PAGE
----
Physician shortage: Medical graduates who miss out on residency add to the problem

By Matt Kuhrt

American medical schools have responded to the looming physician shortage by enrolling and graduating more medical students. But turning those graduates into licensed physicians who practice in areas experiencing high levels of need has turned out to be another issue entirely, according to an article in The Conversation.

Last year a mere 26,252 of the 52,860 medical graduates who applied for residency positions in the United States got matched to a program. Despite calls for further investment in residency programs, the American Medical College expects the gap between physician supply and demand to grow to between 46,000 and 90,000 by the year 2025. This has Richard Gunderman, chancellor's professor of medicine, liberal arts, and philanthropy at Indiana University, wondering whether the industry can afford to leave so many unmatched graduates out of practice.

The effect of the shortage is uneven across the healthcare industry: it has hit rural areas particularly hard, and has put the squeeze on highly qualified international graduates, for whom residency spots were limited to begin with, FiercePracticeManagement previously reported. But Gunderman writes in The Conversation that many of the unlicensed physicians who fail to get a residency slot are not only willing, but enthusiastic about working with patients in underserved areas.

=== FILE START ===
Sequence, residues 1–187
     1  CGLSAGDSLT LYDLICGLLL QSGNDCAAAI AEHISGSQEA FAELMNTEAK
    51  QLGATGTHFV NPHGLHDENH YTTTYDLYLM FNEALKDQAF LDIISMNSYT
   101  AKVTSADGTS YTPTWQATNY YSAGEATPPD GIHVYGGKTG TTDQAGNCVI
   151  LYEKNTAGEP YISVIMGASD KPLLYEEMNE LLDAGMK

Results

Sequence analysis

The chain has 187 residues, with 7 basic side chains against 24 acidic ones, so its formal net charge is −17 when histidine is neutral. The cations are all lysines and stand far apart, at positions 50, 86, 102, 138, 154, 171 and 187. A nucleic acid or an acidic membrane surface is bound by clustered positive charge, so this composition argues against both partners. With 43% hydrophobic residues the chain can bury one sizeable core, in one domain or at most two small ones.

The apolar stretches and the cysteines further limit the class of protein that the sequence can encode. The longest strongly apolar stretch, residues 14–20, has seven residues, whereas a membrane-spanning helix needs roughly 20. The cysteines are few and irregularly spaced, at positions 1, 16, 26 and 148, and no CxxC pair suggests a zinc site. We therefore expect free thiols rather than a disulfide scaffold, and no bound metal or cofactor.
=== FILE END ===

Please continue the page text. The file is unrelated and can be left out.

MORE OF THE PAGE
One possibility involves extending an opportunity for licensure to doctors who undertake this kind of work, an experiment Missouri has undertaken already, with Arkansas, Kansas and Oklahoma considering similar measures, according to the article. While programs aimed at expanding the scope of practice allowed by non-physicians in rural areas aren't a new phenomenon, individuals like Heidi Schmidt, M.D., acknowledge the difficulty of advocating for an alternative to conventional licensure. "If we could earn our licenses caring for people who currently cannot find a physician, we could make a huge difference," she told Gunderman, "and many of us would commit to continuing to serve needy populations for years to come."

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